WHAT IS FEMINISM
The word “Feminist” is derived from the Latin word ‘femina’ which means woman. This Latin word was later adapted to the struggle and agitation of women all over the world for an egalitarian society. Feminism is a belief in the political, economic and cultural equality of women and the movement represents the long demand for the upliftment of the weaker or suppressed section of women or girls in the society. The Black’s Law Dictionary, did not specifically define feminism, but it defines Feminist Jurisprudence as a branch of jurisprudence that examines the relationship between women and law, including the history of legal and social biases against women, the elimination of those biases in modern law, and the enhancement of women’s legal rights and recognition in society.
Different Authors and commentators have described feminism in their own perspective. A lot of women define it as the right of women to aspire politically while some limits it to women’s right over their body. Again some may argue that it is the right of women to independently own and acquire properties.
However, Feminism is a movement for the rights of women against gender discrimination. It means that women should not have less political, economic, and civil rights merely because they are women. The essence of feminism is well reflected in the famous quotation of the publicist Mary Shire when she said: “Feminism is a radical view that a woman is a person.” It is therefore safe to say that feminism stands for equal opportunity for both sexes without favouring one over the other.
FEMINISM IN AFRICA
Some have argued that Feminism is a western concept. That it is just another example of how uninformed society has become and how much we turn a blind eye to the struggles of women all around the world, in Europe, Africa and all around the world. Ascribing the origination of this movement to the West will amount to disrespecting the effort and memories of the fearless women who fought courageously for the emancipation of the women folks in Africa.
Feminist activism has always being in Africa before a name was placed on it. While the name Feminism was not attached to the movement at the early stage, we have had brave African women standing against Gender discrimination and social injustice as far back as 19th Century.
African Feminism is different from its Western Counterpart in a lot of respect; this is so because many of the challenges faced by an average African Women are largely non-existent in the Western World. These conditions include poverty, franchise, illiteracy, political inclusion, war, marriage etc. Therefore, underpinning African Feminism, are cultural and social issues that pertains to and affect largely only African women while the Western Women may only share a part of it.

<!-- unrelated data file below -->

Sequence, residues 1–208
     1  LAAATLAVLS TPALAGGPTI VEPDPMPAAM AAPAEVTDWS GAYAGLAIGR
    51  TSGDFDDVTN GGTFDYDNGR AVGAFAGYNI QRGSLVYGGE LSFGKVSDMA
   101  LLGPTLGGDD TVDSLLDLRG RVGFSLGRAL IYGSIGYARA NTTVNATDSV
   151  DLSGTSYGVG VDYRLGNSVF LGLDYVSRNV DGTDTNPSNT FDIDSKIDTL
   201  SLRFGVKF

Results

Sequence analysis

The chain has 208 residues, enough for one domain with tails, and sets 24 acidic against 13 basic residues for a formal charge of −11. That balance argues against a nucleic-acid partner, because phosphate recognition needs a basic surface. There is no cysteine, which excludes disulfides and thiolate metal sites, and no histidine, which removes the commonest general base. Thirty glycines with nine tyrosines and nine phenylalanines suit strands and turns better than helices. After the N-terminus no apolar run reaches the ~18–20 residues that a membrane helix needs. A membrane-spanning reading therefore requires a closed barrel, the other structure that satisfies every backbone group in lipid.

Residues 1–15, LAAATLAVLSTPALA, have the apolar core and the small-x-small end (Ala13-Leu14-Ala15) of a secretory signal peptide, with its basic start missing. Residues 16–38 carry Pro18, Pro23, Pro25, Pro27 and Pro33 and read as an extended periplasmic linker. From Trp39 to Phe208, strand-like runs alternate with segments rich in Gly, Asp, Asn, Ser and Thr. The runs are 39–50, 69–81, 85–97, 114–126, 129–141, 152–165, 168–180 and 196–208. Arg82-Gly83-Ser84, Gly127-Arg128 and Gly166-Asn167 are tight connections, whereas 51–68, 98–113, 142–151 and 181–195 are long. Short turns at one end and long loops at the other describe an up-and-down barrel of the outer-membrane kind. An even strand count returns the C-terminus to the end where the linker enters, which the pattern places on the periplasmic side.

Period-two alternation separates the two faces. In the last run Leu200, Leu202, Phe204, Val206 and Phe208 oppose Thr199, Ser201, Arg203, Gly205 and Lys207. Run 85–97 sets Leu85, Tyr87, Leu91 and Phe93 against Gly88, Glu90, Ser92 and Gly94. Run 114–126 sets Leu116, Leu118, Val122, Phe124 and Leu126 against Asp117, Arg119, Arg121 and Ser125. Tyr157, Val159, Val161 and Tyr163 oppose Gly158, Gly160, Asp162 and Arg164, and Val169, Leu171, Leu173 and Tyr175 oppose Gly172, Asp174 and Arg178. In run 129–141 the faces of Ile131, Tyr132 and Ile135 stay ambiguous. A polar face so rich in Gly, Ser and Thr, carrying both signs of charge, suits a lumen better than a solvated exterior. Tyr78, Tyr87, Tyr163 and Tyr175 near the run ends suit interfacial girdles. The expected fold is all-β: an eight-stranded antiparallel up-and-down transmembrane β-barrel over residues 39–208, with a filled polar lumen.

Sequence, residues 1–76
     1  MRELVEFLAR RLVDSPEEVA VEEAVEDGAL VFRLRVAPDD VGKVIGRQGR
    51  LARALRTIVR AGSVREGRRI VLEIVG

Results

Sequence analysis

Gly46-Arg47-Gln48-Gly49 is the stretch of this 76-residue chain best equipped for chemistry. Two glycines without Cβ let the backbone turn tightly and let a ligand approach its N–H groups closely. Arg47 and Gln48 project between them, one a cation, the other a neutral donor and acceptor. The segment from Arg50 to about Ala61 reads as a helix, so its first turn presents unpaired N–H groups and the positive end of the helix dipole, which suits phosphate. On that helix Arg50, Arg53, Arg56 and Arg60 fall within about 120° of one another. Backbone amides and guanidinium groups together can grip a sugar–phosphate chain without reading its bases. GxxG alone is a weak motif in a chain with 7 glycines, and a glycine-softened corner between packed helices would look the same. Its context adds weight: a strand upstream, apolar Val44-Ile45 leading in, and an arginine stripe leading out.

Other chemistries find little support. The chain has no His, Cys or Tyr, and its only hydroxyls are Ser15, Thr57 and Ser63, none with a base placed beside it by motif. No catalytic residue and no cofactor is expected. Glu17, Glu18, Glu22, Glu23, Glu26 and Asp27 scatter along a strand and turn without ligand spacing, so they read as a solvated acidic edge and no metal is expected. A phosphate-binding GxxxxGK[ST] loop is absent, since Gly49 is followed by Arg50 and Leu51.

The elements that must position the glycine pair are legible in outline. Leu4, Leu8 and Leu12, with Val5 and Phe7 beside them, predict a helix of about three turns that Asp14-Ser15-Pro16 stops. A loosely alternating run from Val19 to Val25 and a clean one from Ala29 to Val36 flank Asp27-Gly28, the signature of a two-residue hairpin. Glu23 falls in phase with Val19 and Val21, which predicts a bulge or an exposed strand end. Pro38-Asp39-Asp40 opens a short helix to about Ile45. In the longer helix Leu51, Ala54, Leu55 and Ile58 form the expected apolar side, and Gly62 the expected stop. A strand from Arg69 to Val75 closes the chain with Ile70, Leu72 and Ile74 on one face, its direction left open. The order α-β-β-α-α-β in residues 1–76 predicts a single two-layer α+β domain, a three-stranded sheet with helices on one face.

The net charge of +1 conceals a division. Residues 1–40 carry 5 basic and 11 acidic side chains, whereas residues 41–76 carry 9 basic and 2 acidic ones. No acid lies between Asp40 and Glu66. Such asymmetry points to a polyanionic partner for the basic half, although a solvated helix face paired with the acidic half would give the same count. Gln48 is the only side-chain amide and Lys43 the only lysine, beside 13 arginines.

Several Contributors have classified development of African Feminism into two; the Pre-Colonial Feminism and the Colonial Feminism. In Nigeria Pre-colonial era, Nigerian very few Nigerian women actively participated in public life and had independent access to resources. However, social and political exclusion is worse with women from Hausa-Fulani in the Northern part of Nigeria. Their commercial activities and engagements were limited by Islam. Only Women with a high position by birth had more rights regarding their decisions and their funds. The example is Queen Amina of Zazzau. In 1576, she became the famous ruler of Zazzau in Northern Nigeria. The Igala Kingdom, located in Northern Nigeria, was also founded by a woman Ebele Ejaunu.
For decades, African activists have rejected the notion that one can subsume all feminist agendas under a Western one. As far back as the 1976 international conference on Women and Development at Wellesley College, Egyptian novelist Nawal El-Saadawi and Moroccan sociologist Fatema Mernissi challenged efforts by Western feminists to define global feminism. In the drafting of the 1979 Convention on the Elimination of Discrimination Against Women (CEDAW), the All African Women’s Conference was one of six organisations and the only regional body involved In the early 20th century, an emerging set of African Women feminist dominated the scene , with women like Adelaide Casely-Hayford, the Sierra-Leonean women’s rights activist referred to as the “African Victorian Feminist” who contributed widely to both Pan-African and feminist goals, Charlotte Maxeke who in 1918 founded the Bantu Women’s League in South Africa and Huda Sharaawi who in 1923 established the Egyptian Feminist Union to mention a few
In Nigeria, on the fore front of Feminist movement, we had Mary Ekpo and Funmilayo Ransom- Kuti . Also recently, Chimamanda Ngozi Adichi among others. Mary Ekpo for instance, was a Women’s Rights activist and a Pioneering female politician in Nigeria’s first republic that played key role in the Country’s Male-dominated Nationalism movement. Funmilayo Ransom-Kuti on the other hand established in 1932, the Abeokuta Ladies Club (later renamed Abeokuta’s Women Union) which advocated political and social inequalities faced by Nigerian women at the time. The Union was famous for fighting unfair price controls and burdensome taxes imposed on Nigerian women at the time by the Colonial Masters. She is also regarded as the first woman to ride a car in Nigeria.
Chimamanda Ngozi’ Adichie is Novelist and one of the most prominent African Feminist of the 21st century. Adichie’s consciousness and feminist movement was built up after she relocated to the US on a Communication scholarship. In 2013, her Popular lecture; “We Should All Be Feminists” discusses the damaging paradigms of femininity and masculinity. She has since then expressed her opinion on issues inequality and the marginalization of women at various forum.